Cyber Connections News Roundup: July 30

Get the latest cybersecurity news from leading companies, news outlets and blogs.

Cyber Connections News Roundup is a bi-weekly brief of online links to news stories and commentary of interest to the cybersecurity community, delivered on the second and fourth Tuesday of each month. Articles are selected for their newsworthiness, timeliness, potential impact, and reach.

July 30, 2019

New Orleans Governor Issues First Ever Statewide Cybersecurity Emergency

Governor John Bel Edwards has issued a statewide emergency declaration following a cybersecurity attack on several school systems in North Louisiana, according to a recent report on wwl.radio.com. This is the first activation of Louisiana’s emergency support function relating to cybersecurity. Kenneth Donnelly, senior coordinating official for the Louisiana Cybersecurity Commission, said the state was first made aware of a malware attack on July 23. The New Orleans Office of Homeland Security and Emergency Preparedness, along with Information Technology and Innovation, is monitoring the situation and is in close contact with the Governor’s Office of Homeland Security and Emergency Preparedness and law enforcement partners at the local, state and federal level. Read more.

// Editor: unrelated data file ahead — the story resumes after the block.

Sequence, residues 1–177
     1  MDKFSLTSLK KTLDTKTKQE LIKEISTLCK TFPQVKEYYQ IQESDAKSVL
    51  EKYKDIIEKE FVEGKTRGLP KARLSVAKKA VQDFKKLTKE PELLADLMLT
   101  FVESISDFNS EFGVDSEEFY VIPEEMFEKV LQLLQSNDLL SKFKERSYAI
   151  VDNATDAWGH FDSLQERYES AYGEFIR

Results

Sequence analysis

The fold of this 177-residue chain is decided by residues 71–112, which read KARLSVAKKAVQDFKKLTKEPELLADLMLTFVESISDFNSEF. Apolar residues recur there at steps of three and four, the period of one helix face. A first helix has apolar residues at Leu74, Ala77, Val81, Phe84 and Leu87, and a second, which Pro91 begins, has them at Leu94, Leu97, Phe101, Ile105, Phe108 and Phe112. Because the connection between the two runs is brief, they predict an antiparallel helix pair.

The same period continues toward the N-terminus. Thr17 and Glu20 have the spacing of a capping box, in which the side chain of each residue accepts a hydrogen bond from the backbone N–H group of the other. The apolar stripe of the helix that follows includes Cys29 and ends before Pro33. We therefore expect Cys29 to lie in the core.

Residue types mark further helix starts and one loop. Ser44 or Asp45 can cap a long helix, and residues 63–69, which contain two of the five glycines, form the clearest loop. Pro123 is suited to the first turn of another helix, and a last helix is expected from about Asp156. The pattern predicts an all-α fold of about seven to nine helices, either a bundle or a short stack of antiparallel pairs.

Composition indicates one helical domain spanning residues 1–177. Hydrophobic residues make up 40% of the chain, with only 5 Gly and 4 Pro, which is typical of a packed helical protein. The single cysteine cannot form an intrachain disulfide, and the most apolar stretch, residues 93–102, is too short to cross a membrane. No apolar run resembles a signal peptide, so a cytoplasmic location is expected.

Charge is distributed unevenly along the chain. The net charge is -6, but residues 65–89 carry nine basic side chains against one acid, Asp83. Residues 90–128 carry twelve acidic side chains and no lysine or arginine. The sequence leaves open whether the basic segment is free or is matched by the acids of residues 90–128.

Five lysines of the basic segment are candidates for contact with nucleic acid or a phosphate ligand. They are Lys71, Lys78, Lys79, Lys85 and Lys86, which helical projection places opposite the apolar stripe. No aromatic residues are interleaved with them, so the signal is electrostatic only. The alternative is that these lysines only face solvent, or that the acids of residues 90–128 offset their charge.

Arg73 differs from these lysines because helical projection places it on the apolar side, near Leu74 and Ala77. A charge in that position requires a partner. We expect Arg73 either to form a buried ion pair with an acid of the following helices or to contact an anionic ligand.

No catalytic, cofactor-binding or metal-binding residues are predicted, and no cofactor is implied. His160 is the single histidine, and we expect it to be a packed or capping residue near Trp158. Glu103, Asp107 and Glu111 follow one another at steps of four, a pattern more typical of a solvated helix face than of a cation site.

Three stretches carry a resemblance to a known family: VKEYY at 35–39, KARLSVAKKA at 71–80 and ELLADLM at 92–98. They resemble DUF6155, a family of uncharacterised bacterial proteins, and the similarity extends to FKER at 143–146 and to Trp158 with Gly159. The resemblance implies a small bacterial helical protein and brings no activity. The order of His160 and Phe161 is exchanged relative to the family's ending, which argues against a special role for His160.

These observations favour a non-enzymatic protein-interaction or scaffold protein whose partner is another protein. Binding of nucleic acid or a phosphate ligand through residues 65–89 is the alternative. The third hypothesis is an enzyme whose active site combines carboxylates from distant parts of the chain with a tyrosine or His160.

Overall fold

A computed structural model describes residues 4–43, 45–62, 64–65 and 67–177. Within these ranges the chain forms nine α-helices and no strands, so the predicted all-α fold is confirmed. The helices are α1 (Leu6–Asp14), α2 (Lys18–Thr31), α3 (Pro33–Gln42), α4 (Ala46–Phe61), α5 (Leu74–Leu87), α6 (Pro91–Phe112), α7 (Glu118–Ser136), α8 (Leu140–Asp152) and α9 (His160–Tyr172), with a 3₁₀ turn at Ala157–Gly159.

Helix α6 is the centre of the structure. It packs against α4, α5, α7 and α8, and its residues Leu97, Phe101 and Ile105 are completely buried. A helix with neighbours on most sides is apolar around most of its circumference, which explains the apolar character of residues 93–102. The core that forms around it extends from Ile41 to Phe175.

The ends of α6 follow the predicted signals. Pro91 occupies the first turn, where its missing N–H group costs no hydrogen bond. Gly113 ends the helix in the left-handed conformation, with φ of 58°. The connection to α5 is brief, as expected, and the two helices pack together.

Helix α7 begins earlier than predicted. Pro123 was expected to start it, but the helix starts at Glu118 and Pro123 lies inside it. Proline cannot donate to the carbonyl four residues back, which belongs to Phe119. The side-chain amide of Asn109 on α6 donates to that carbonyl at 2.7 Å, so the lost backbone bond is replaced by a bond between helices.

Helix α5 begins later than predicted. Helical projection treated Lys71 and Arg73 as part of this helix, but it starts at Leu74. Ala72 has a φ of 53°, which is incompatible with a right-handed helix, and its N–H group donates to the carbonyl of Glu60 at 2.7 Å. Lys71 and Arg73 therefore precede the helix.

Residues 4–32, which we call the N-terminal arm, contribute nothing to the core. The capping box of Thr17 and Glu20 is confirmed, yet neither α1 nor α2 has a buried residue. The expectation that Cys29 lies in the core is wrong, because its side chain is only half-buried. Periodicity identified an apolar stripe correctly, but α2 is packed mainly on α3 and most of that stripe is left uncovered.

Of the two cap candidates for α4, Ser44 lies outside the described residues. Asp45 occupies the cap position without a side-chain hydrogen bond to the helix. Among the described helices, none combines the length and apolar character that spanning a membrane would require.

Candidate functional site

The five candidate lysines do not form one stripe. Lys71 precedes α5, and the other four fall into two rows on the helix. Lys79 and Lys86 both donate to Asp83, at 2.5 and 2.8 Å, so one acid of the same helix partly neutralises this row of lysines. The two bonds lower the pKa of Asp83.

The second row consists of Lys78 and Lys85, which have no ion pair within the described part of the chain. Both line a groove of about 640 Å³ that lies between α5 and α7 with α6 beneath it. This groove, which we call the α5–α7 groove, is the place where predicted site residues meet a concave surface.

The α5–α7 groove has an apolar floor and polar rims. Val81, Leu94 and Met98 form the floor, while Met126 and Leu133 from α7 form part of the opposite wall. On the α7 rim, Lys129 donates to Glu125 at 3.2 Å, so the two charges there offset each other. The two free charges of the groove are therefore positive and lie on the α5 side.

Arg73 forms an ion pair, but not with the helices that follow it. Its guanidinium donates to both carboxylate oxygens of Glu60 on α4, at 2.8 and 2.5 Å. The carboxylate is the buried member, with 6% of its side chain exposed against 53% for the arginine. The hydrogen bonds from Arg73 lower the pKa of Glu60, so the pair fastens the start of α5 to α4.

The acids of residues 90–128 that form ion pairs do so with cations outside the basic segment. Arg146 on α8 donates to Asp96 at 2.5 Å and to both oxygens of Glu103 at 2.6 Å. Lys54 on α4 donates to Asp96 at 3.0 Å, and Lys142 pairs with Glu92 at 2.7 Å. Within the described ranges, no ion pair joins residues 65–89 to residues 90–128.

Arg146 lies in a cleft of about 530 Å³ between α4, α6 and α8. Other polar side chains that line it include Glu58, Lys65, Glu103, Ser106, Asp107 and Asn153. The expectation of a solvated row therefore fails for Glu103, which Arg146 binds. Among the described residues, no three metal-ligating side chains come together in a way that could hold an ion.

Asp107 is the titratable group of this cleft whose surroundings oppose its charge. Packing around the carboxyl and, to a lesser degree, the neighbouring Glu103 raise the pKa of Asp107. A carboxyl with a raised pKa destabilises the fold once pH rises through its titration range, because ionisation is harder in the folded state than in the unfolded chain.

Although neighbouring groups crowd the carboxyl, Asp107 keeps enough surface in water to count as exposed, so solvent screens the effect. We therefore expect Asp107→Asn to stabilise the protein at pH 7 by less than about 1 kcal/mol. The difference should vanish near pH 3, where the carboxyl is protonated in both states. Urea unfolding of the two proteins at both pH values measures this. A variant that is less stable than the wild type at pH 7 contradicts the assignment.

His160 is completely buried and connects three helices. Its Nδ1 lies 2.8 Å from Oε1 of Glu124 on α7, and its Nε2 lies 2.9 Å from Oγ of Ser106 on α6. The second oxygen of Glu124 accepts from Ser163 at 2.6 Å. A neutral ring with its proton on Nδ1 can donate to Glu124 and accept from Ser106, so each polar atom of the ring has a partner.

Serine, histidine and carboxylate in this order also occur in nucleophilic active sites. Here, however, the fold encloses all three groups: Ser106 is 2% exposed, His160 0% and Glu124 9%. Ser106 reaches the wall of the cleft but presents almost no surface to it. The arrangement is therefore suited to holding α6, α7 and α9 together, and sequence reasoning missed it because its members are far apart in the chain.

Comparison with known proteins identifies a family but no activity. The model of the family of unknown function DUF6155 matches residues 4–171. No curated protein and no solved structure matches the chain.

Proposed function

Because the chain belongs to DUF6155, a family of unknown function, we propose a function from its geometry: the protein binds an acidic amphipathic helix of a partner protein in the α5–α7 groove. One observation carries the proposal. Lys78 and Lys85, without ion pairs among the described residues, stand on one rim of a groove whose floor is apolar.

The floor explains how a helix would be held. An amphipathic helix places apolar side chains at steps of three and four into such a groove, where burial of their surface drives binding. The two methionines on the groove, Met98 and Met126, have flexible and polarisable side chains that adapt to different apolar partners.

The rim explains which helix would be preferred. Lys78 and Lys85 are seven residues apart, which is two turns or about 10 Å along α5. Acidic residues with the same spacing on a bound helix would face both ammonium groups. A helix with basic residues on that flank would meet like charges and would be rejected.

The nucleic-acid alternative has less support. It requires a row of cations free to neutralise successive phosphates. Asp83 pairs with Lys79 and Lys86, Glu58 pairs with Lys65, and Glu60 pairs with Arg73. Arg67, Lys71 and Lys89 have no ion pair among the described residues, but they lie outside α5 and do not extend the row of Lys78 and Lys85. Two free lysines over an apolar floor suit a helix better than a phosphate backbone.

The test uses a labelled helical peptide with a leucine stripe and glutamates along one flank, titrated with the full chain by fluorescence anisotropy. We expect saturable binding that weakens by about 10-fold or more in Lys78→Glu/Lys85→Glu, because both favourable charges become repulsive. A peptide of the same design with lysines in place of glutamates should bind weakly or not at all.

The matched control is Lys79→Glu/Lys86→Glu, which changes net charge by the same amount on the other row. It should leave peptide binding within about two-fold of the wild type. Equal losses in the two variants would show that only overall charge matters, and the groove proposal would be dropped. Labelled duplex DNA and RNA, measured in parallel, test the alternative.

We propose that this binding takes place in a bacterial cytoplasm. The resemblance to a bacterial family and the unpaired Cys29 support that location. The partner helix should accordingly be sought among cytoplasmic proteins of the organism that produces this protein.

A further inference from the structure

NSA Creates New Cybersecurity Arm to Combat Foreign Threats

According to a report on www.nextgov.com, the National Security Agency (NSA) will create a new cybersecurity “directorate” to unify NSA’s foreign intelligence and cyber defense missions, and prevent and eradicate threats to national security systems and the defense industrial base. Anne Neuberger, who has been leading the NSA’s Russia Small Group, has been tapped to lead the new directorate, which will become operational on Oct. 1. Neuberger led the NSA’s election security efforts for the 2018 midterms, having served as the NSA’s first chief risk officer. Read more.

IoT Cybersecurity Improvement Act Calls for Deployment Standards